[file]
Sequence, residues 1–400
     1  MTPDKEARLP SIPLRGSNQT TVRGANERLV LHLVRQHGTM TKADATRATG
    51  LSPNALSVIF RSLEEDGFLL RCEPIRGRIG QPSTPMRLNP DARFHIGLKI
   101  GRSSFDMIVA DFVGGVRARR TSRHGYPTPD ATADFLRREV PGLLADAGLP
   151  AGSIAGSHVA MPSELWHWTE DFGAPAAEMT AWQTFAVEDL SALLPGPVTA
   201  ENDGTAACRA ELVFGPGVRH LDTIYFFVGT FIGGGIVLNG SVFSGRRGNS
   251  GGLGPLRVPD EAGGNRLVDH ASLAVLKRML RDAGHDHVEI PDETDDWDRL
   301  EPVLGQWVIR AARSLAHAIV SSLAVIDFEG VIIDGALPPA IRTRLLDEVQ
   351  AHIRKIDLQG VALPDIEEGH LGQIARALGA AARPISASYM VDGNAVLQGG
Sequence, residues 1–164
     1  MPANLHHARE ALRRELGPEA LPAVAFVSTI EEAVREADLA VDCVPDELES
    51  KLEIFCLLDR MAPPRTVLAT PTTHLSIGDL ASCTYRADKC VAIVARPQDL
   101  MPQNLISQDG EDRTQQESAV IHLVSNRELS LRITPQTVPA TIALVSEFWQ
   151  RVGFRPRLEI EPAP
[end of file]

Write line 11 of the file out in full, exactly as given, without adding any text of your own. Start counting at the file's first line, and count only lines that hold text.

     1  MPANLHHARE ALRRELGPEA LPAVAFVSTI EEAVREADLA VDCVPDELES